Home > Journals > The Quarterly Journal of Nuclear Medicine and Molecular Imaging > Past Issues > The Quarterly Journal of Nuclear Medicine and Molecular Imaging 2006 September;50(3) > The Quarterly Journal of Nuclear Medicine and Molecular Imaging 2006 September;50(3):217-25

CURRENT ISSUE
 

ARTICLE TOOLS

Reprints

THE QUARTERLY JOURNAL OF NUCLEAR MEDICINE AND MOLECULAR IMAGING

A Journal on Nuclear Medicine and Molecular Imaging


A Journal on Nuclear Medicine and Molecular Imaging
Affiliated to the Society of Radiopharmaceutical Sciences and to the International Research Group of Immunoscintigraphy
Indexed/Abstracted in: Current Contents/Clinical Medicine, EMBASE, PubMed/MEDLINE, Science Citation Index (SciSearch), Scopus
Impact Factor 2,481


eTOC

 

ORIGINAL ARTICLES  INFLAMMATION AND INFECTION PART 2FREEfree


The Quarterly Journal of Nuclear Medicine and Molecular Imaging 2006 September;50(3):217-25

Copyright © 2006 EDIZIONI MINERVA MEDICA

language: English

New radiopharmaceuticals for imaging rheumatoid arthritis

Chianelli M. 1, 2, D’Alessandria C. 1, Conti F. 3, Priori R. 3, Valesini G. 3, Annovazzi A. 2, 4, Signore A. 2, 4

1 Department of Nuclear Medicine Regina Apostolorum Hospital, Albano, Rome, Italy 2 Department of Nuclear Medicine and Molecular Imaging University Medical Center Groningen, The Netherlands 3 Rheumatology Unit, Department of Medical Therapy La Sapienza University of Rome, Rome, Italy 4 Department of Nuclear Medicine, 2nd Faculty of Medicine La Sapienza University of Rome, Rome, Italy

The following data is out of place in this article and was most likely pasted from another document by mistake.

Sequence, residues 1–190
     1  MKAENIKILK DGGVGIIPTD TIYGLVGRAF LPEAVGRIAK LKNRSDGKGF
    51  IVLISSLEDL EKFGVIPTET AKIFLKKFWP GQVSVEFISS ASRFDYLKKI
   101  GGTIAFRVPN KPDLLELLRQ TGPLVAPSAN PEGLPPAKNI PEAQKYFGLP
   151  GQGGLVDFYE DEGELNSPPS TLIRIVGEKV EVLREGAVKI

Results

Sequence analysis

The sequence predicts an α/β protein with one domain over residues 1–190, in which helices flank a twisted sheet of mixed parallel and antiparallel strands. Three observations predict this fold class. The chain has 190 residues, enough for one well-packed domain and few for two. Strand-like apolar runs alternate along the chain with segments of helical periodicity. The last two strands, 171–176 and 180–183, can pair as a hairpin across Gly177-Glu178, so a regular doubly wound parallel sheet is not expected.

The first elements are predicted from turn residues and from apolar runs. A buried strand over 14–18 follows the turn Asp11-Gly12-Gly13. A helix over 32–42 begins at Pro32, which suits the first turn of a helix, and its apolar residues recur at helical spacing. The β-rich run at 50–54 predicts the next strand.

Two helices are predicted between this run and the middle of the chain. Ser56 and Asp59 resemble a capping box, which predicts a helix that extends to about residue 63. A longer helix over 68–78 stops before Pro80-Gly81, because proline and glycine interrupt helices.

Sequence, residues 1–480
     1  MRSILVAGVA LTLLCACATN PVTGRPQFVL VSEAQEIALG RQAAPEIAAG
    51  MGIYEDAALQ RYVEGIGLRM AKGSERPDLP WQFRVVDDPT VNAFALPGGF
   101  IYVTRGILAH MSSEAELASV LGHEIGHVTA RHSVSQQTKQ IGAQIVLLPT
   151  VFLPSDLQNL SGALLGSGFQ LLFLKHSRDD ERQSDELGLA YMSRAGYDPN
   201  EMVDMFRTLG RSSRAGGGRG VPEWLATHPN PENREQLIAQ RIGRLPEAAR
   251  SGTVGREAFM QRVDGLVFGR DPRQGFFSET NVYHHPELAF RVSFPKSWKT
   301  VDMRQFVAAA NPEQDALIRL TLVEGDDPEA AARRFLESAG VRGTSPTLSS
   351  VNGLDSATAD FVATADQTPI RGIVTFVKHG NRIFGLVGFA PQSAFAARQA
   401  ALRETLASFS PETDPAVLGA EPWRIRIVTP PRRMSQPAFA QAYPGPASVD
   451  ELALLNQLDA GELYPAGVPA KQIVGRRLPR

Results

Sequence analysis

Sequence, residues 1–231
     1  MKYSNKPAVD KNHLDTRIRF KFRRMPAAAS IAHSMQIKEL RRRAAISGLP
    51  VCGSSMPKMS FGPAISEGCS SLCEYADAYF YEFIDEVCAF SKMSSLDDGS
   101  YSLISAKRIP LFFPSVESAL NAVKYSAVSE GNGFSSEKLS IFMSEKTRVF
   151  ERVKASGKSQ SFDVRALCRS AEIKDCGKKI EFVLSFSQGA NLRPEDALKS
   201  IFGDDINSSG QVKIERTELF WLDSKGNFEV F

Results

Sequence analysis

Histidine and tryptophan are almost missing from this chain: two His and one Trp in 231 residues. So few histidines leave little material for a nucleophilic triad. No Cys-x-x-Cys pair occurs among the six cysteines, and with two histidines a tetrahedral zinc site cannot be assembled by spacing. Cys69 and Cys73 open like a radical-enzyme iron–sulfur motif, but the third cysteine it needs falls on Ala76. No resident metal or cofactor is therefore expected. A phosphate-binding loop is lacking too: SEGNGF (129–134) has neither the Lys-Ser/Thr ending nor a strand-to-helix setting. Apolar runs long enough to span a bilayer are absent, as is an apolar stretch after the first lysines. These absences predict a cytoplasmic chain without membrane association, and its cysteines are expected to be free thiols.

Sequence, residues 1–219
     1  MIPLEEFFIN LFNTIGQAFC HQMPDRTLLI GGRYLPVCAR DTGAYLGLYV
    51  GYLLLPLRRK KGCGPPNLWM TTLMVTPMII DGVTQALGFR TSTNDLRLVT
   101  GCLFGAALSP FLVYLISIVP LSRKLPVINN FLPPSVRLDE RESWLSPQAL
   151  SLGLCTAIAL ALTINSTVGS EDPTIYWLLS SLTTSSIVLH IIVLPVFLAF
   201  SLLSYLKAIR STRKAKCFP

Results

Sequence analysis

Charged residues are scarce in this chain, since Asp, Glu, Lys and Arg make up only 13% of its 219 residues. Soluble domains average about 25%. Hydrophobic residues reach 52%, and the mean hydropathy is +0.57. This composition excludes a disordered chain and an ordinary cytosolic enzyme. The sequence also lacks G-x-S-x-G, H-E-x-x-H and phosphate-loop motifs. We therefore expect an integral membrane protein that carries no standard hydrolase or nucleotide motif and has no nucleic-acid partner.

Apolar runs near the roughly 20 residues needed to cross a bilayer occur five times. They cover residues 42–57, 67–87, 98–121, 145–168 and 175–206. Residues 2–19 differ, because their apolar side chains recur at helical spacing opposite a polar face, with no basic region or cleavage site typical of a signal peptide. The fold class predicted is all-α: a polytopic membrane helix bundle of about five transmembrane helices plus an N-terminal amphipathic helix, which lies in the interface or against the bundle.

FULL TEXT  


Rheumatoid arthritis (RA) is an incapacitating chronic inflammatory disease of the joints that, because of frequent relapses, requires life-long treatment. In patients affected with RA an important treatment objective is to achieve specific immune suppression in order to extinguish the immune process and arrest the disease, thus preventing or delaying complications and avoiding disease recurrence. The side effects of anti-inflammatory drugs given to improve the quality of life of these patients can be reduced with the use of specific immune therapies that block, as selectively as possible, the pathologic mechanism responsible for the disease. New therapeutic options for specific, targeted therapies for treating RA are being developed, and trials to assess the efficacy and safety of these approaches are underway. However, these therapies rely primarily on clinical assessment to evaluate treatment efficacy. It would be useful, therefore, to have an objective and reliable method that directly highlights the immune processes underlying the disease. Currently available radiopharmaceuticals for imaging RA, with a special emphasis on recently developed agents and their use in therapy decision-making and follow-up are the focus of this article.

top of page

Publication History

Cite this article as

Corresponding author e-mail